Naomi Vacaro: Right. So here's the thing. The Christian walk is so much more than having a daily quiet time. Our relationship with Christ should be all consuming. Our desire should be for every single aspect of our lives to revolve around Jesus. And this means that love for his Word and speaking with him in prayer, it doesn't only happen during a 30-minute quiet time or an hour quiet time, right? Scripture should fill our lives and prayer should be something that we just naturally slip into all throughout the day. But here's the thing. Even though the Christian walk is so much more than just 30 minutes of Bible reading and prayer, it is definitely not less than those things. I just don't know -- I don't think that there is a single mature believer in Christ I know of who doesn't have this routine, this regular habit in their lives of meeting with Jesus. And it looks different for different people, but the habit is there. And so unless we make spending time with Jesus a normal and expected part of our everyday routine, it really just won't happen. Like, it will not happen at all. And we can't expect the Lord to accidentally become the center point of our lives unless we bring him there, unless we pull him into our mornings, our evenings, you know, our ordinary habits and rhythms.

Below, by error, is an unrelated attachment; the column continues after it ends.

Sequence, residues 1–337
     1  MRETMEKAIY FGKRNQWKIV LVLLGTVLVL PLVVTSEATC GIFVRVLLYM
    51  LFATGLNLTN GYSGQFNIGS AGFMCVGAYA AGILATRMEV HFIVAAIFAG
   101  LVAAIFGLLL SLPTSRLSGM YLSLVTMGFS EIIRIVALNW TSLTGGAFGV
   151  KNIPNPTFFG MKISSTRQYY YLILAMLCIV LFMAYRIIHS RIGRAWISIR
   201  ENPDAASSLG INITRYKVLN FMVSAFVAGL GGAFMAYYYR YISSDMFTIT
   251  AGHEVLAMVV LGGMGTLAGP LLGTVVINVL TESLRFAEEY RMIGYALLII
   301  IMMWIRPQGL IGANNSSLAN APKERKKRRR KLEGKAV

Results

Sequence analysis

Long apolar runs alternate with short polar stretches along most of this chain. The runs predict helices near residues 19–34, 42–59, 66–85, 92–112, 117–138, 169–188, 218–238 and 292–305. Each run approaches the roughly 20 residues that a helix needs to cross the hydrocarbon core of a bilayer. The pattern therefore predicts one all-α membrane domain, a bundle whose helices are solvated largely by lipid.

So it really is okay to put quiet time on your checklist. Right? It's not wrong for it to be a checklist item. What matters more is your internal view of Bible reading and prayer, and that's really what we're getting at. If we see quiet time as our Christian duty for the day and then we're off the hook, then your relationship with Jesus will only ever live in your planner. You will not experience the beauty of a life wholeheartedly devoted to Christ unless your relationship with Jesus becomes more than a checklist item.

And then on the other hand, if you see quiet time as the foundation for the rest of the day that is centered around Jesus, then you will experience the joy and fruit of a spiritual discipline that is only a small piece of a larger devotion. And so practically what that looks like -- I love this because it feeds into each other. The more you spend time with Jesus, the more you will want to spend time with Jesus and the more you will be drawn to see this as grace and not guilt. You'll see it not just as a checklist item, but as your all in all.

And there will be seasons when you'll be tempted to just go through the motions and -- kind of like what we mentioned before. That's okay. Just keep the habit, maintain the habit, and I promise those feelings -- that wind will blow again, the delight will return, and it will start overflowing into the rest of your life again. You just need to stick with it.